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A Season in the Sun: A charming tale of a Seychelles legacy, village cricket and foul play Kindle Edition
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I wasn't quite sure what to think when I started the book, but found myself smiling throughout what turned into a one-sitting read. A lovely palate cleanser from some of the much darker and award-nominated crime tales I've been reading lately. There's a really pleasant 'lightness' to this book, even among some violence and nefarious deeds sprinkled throughout the cricket.
In a way, Robert Rees has captured that sense of village cricket known throughout the British Commonwealth - a leisurely feel with moments of intense action, a sunny, summery vibe. Seriousness and hilarity (absurdity?) all rolled into one as eager amateurs battle it out on the field.
Henry Fanshawe is a commodities broker on the spice desk for what was once a family business (now owned by 'the Americans'). In his fifties, he's well-liked by almost all of his colleagues. But not by all, and this proves his downfall: having cross swords repeatedly with the head of HR, Henry finds himself out on his ear, wrongly accused of skimming profits. His beloved wife having passed away years before, and now his longtime career hitting a brick wall, Henry isn't quite sure what to do.
The clouds have a silver lining though, thanks to the unfortunate passing of Henry's eccentric aunt Esme, a colourful character who'd occasionally visited Henry in London, from her home in the Seychelles. Henry is bequeathed Aunt Esme's property and more, on the condition he continues what she's started with her local club, a village cricket club on the African island. Henry loves his cricket (he was a useful left arm spinner at lower levels), so is delighted by the unexpected opportunity, even as he struggles to adjust to tropical heat and different ways of doing things on the islands.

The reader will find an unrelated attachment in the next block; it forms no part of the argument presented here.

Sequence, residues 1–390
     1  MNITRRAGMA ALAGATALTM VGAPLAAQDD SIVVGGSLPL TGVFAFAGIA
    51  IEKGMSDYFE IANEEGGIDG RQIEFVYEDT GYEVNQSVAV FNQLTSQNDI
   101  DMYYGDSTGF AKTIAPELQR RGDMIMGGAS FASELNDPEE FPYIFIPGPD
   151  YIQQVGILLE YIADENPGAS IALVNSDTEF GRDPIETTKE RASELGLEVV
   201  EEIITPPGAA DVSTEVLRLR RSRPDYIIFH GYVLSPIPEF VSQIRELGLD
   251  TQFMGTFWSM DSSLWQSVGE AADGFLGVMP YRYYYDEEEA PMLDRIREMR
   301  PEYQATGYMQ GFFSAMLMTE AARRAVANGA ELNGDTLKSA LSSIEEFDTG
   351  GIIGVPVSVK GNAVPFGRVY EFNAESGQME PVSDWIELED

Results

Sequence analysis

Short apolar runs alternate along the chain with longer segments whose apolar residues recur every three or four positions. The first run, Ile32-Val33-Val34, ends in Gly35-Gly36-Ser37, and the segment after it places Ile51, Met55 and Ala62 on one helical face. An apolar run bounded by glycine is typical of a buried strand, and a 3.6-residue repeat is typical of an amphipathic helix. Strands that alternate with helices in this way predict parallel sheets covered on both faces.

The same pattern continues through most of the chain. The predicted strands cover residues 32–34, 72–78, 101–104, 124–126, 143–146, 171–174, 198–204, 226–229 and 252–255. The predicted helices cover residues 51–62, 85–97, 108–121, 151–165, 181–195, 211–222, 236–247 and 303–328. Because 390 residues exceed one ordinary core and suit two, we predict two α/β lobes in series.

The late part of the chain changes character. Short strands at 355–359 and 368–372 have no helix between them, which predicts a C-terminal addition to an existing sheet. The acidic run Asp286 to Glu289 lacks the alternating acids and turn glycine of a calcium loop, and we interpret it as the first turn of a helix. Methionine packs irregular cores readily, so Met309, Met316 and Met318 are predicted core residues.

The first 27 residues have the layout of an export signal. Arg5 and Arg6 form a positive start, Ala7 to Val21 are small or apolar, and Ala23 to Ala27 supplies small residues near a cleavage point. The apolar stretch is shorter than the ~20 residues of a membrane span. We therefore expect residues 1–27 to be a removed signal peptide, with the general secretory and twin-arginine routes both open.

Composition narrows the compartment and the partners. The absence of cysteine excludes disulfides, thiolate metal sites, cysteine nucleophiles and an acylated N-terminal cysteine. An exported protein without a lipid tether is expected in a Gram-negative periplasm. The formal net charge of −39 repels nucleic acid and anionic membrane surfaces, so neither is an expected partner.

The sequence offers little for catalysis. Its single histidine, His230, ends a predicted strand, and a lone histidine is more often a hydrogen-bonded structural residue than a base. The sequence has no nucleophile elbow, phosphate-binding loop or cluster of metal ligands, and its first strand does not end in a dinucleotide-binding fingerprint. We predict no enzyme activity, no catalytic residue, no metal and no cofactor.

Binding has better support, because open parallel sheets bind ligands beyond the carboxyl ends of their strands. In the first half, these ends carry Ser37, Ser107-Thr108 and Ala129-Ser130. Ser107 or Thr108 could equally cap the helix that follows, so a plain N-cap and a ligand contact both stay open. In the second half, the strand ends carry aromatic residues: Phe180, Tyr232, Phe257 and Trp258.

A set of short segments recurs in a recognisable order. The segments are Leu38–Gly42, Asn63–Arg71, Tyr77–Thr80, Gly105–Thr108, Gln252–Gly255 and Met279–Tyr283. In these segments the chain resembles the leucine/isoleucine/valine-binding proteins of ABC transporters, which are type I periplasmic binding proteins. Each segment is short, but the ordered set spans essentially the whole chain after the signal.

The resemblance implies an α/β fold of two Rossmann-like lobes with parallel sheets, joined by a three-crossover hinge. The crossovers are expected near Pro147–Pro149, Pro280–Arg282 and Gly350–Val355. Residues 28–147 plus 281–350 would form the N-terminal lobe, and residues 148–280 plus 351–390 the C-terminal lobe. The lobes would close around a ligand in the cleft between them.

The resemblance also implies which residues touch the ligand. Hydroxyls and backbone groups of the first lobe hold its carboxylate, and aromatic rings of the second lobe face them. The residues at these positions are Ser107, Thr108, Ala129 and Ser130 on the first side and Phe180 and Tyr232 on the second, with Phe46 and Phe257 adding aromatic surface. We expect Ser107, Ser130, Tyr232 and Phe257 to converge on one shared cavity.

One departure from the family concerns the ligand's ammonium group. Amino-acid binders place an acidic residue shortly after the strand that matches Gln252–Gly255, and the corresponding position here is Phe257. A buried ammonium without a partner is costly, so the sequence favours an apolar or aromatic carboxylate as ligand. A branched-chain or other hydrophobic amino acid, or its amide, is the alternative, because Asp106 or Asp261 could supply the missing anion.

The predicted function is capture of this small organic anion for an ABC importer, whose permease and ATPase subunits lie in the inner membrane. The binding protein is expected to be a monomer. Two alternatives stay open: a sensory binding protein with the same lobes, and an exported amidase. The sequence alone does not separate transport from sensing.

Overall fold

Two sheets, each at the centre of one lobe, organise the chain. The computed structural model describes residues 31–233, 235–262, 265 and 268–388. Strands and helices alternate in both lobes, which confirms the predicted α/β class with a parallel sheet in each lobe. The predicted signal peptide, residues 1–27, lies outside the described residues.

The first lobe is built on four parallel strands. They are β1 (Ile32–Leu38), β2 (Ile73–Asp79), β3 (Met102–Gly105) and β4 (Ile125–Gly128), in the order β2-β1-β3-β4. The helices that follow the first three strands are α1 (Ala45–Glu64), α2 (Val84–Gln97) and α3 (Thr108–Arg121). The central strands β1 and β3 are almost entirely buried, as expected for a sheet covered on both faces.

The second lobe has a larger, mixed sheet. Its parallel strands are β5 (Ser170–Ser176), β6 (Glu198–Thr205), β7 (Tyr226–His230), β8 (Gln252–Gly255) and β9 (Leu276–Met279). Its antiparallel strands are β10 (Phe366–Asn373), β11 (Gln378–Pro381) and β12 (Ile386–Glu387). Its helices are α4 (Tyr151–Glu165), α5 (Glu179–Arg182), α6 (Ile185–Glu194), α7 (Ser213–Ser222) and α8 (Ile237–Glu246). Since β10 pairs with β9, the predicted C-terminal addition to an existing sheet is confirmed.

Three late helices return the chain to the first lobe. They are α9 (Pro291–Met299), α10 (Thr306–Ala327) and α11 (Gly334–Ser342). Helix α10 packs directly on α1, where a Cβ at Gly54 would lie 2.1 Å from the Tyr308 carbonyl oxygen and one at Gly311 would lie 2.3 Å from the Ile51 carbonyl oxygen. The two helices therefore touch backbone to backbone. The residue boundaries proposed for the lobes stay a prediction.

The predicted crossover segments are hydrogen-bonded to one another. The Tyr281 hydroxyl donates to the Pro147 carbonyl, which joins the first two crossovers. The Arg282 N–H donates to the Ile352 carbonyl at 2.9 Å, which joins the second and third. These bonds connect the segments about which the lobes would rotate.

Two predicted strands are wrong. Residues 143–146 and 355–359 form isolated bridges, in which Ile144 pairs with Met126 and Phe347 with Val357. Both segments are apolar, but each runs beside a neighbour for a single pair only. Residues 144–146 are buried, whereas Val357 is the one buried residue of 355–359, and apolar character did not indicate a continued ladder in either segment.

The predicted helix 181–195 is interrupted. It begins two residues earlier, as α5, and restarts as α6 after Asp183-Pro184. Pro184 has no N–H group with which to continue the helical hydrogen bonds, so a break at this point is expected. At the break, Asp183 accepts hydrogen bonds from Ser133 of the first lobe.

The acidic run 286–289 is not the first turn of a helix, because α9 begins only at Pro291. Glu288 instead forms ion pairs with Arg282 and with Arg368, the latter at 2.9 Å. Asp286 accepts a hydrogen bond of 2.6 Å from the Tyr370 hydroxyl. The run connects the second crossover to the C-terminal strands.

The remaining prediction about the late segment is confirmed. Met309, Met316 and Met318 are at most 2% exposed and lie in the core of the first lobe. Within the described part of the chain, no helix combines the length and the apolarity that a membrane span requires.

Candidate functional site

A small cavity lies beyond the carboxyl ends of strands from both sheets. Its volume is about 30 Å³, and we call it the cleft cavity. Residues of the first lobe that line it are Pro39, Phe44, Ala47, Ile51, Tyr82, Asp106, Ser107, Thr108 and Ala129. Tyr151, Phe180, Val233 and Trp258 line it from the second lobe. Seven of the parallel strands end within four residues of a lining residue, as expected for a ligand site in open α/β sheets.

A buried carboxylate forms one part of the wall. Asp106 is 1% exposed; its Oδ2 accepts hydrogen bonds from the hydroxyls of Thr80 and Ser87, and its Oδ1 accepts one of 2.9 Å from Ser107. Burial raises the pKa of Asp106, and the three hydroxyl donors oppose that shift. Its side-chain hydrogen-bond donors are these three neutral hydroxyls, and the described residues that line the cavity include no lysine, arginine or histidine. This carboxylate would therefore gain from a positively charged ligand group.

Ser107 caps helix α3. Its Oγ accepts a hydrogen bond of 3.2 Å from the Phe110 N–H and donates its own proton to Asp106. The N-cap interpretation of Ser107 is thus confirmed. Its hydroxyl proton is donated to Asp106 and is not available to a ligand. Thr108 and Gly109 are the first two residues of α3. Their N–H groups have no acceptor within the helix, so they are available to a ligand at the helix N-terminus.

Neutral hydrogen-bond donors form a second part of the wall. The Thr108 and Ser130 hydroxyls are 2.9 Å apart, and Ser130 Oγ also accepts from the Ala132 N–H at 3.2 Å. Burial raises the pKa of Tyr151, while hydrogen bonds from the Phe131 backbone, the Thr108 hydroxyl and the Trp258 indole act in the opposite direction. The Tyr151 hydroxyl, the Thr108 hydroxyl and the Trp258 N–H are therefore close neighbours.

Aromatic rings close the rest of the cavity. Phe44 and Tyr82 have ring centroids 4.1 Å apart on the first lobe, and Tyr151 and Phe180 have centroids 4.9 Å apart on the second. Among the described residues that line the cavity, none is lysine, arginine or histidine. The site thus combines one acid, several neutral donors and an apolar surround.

A Season in the Sun tracks the exploits of Henry and his colourful assortment of players as they battle for glory in the local cricket competition, up against other village teams and corporate clubs with the odd professional ring-in. A season that gets more complicated when some unusual results crop up, and the eyes of Indian betting syndicates seem to have turned their way to the competition.
I grew up playing cricket for many summer seasons in New Zealand, and enjoyed the way Rees entwined the game with a fish-out-of-water tale that was part mystery, part farce.
I think both fans of light-hearted mysteries and fellow cricket-lovers will enjoy A Season in the Sun (even if it could have used a stronger edit - there are a handful of inconsistencies in description or scoring in some of the games, eg a team being five down, losing two wickets , then only being six rather than seven down etc - this may not bother non-fans, but 'pings' for those who know the game). There is a fun cast of characters, from the pot-smoking fast bowler, the village reverend and his Catholic counterpart, to the mirrored-shades wearing Chief of Police wicketkeeper. The nefarious deeds of the betting syndicates provide some threat, but the tale always has a light-hearted feel.
This is the kind of book that, like watching a lower-grade cricket game with a drink in hand on a summer evening, you can just sit back and enjoy for what it is, rather than thinking too much. Taking in the atmosphere, the mix of action and a leisurely vibe, curious about what might unfold from the players on the field but loving the experience more than desperately invested in a particular result.
I wouldn't mind seeing another instalment in the cricketing adventures of Henry Fanshawe.
It was a few pages in that I found, to my delight, that I was being pulled in. I couldn't exactly say why, but I was eager to follow Henry Fanshawe to find what might come. I found myself picking the story up any chance I had, eager to get to the next page.
I actually know nothing about Cricket, but reading this book I felt like longtime fan, cheering with crowd and enduring with the team.
I thoroughly enjoyed watching every move play out as I was pulled from one page to the next.
It’s definitely a book I will recommend to others.